The synthesis order from Dr. Jella’s lab was taped to my lab door when I arrived, even though I was early. Science marches on, without regard for working hours.  After flicking on the lights, I dropped my lunch bag on my desk in the rear of the lab, under the sealed windows that let in light, but no air.  I turned my PC on.  I wanted a cup of coffee. I wanted to sit quietly for a few minutes, playing Solitaire.  But, I had unfinished orders from the day before, as well as these new orders.  I’d be lucky to synthesize all of ’em by days end. A long day ahead of me, probably ’till 7:00 pm.
I typed the first sequence into the machine: ACGCCCTATTACGACGAAGTTAC.  I could synthesize four pieces of DNA, or RNA simultaneously.  It would take almost four hours for the DNA Synthesizer to complete four oligonucleotides, then I could start the next four. Hopefully, they would finish in time to let me start another four before I went home. Those would run overnight.
I finished entering all the code letters for all of the syntheses, checked the level of the liquid reagents at every bottle position, and started the Pre Run.  Solenoids clicked on and off as current was applied to each one, moving a magnetic rod back and forth to allow the flow of gas or liquid for each step of the syntheses. Click, click-click, click, click-click, click, click, click, and occasionally the whoosh of gas as regulators adjusted the pressure of ultra high purity nitrogen that pushed all the liquids around.  After all the lines were purged of air and old liquids, and fresh liquid flowed from each reagent through all the lines, I started my first batch of the day.  I was happy that I’d had the machine upgraded from the original two-position one.  I’d never have been able to get this much done so quickly.  
I went for coffee, brought it back and sat idly in front of my PC.  I took a few sips while I stared out the window at a clear blue New Mexico sky, then got to work.  I entered the sequences I was making into my database, so I could keep track of them for billing purposes.  My lab was not directly funded by any grants or stipends.  I had to bill each researcher for the work I did, and then they paid me out of their grants.  It wasn’t a hard job.  The machines did most of my work, synthesizing DNA, or occasionally some RNA.  The RNA was tricky, as it required careful handling and sterile conditions.  There are enzymes that destroy DNA and RNA, but of the two, the RNA enzyme, RNAase, was the worst.  If contaminated with RNAase, the RNA I made would be useless, experiments ruined.  Time and money would be wasted.  I would lose credibility.  I was very careful in my work.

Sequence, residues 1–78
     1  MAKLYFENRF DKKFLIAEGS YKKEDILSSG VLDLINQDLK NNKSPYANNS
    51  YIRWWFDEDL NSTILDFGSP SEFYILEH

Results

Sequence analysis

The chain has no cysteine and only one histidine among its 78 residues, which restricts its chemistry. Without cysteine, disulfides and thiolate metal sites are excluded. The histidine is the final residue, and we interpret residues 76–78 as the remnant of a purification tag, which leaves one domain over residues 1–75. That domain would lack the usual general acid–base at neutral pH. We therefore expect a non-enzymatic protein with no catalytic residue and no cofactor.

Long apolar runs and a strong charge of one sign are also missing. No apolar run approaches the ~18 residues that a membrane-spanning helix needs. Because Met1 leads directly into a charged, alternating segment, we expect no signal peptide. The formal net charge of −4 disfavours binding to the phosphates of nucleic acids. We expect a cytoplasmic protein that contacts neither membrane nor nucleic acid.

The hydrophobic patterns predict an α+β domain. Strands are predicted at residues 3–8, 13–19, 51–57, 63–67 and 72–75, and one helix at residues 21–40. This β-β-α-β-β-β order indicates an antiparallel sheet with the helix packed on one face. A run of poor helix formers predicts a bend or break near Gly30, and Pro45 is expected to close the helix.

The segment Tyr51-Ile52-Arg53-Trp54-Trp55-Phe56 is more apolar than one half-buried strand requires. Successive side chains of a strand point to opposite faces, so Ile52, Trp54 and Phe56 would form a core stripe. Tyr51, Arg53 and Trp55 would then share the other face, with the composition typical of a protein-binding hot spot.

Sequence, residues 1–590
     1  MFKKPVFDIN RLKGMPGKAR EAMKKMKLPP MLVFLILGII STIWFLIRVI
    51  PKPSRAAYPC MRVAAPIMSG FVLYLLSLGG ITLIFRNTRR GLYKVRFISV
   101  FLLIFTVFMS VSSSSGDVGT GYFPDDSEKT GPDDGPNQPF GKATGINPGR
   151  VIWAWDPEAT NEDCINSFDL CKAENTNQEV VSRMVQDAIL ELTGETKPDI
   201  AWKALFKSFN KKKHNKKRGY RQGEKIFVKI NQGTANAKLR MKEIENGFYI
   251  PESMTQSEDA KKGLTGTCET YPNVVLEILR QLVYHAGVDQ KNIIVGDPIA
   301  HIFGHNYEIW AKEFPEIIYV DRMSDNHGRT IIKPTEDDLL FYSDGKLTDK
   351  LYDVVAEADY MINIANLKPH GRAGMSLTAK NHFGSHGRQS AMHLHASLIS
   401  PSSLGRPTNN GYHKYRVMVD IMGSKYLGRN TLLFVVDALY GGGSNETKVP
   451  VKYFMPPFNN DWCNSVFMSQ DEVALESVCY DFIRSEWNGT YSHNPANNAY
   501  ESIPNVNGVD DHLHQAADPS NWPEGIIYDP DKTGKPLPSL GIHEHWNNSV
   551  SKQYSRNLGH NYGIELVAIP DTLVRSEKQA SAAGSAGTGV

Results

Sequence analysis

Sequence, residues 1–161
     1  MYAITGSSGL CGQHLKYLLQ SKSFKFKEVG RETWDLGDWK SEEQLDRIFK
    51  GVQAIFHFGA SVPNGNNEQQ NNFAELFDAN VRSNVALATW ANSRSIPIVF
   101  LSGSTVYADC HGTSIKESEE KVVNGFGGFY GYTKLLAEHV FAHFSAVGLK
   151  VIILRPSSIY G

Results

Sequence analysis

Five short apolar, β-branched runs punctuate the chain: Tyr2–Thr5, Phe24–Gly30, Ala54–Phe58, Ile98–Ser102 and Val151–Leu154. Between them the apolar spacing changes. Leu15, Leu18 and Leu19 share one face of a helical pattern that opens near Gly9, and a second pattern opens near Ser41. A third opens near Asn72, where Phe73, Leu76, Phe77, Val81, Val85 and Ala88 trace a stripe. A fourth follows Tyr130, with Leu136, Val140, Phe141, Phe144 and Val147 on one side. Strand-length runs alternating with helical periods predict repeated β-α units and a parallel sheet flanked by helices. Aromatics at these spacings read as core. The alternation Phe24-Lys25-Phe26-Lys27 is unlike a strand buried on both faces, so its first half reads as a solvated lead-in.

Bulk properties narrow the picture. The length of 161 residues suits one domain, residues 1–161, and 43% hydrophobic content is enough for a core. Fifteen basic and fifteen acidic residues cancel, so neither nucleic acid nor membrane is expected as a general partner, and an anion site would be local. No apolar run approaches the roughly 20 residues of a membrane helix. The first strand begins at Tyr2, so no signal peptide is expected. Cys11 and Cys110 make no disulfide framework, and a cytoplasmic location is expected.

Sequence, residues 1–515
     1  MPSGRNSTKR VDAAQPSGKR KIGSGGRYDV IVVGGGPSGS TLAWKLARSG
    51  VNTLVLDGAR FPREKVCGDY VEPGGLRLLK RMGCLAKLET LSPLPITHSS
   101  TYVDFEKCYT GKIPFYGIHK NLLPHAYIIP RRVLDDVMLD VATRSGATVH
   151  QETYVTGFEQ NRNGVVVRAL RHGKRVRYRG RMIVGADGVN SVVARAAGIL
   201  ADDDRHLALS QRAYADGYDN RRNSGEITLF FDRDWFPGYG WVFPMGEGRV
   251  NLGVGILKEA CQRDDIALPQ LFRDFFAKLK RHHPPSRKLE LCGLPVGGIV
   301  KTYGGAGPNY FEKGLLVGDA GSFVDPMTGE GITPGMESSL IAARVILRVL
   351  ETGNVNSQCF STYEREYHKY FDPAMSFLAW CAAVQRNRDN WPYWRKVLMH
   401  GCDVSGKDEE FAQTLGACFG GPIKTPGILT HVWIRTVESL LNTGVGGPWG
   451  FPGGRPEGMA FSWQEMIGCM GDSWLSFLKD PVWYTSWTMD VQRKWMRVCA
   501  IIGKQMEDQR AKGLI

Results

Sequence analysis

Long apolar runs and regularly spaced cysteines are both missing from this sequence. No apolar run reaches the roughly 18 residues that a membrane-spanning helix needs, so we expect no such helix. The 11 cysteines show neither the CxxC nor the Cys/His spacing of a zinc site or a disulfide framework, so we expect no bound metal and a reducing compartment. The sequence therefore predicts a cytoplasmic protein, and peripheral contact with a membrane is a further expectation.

Besides the work synthesizing, I had other jobs: two of which were either synthesizing proteins or sequencing them.  In sequencing, the machine took each protein apart, one amino acid at a time and pumped it past a detector to identify it by its characteristic wavelength.  I didn’t have any orders for protein synthesis today, fortunately, because the process consumed a lot of time, and required constant monitoring. The final step in protein synthesis involved the use of a dangerous, highly corrosive acid in gaseous form: HF, or hydrogen fluoride.  HF is used to etch glass. Due to its insidious nature, it can splash undetected on your skin, and slowly eat its way to the bone. I hated working with HF.  People using it had lost arms, eyes, lungs and some had died.  I had to prepare a super cold bath of dry ice and methanol to cool the gas into liquid form for use.   When I opened the valve on the HF bottle, everything had to be ready: I wore a special apron made of acid resistant material over my lab coat, and wore similar gloves.  I had a special clear shield over my entire face, and the apparatus for using the HF gas was shielded behind a glass-sashed fume hood.  In theory, the gas flowed into my collection vial, liquefied, and cleaved my synthesized protein off of the glass beads it was attached to as part of the synthesis protocol.  Then it flowed through a trap of strong base to neutralize the acid.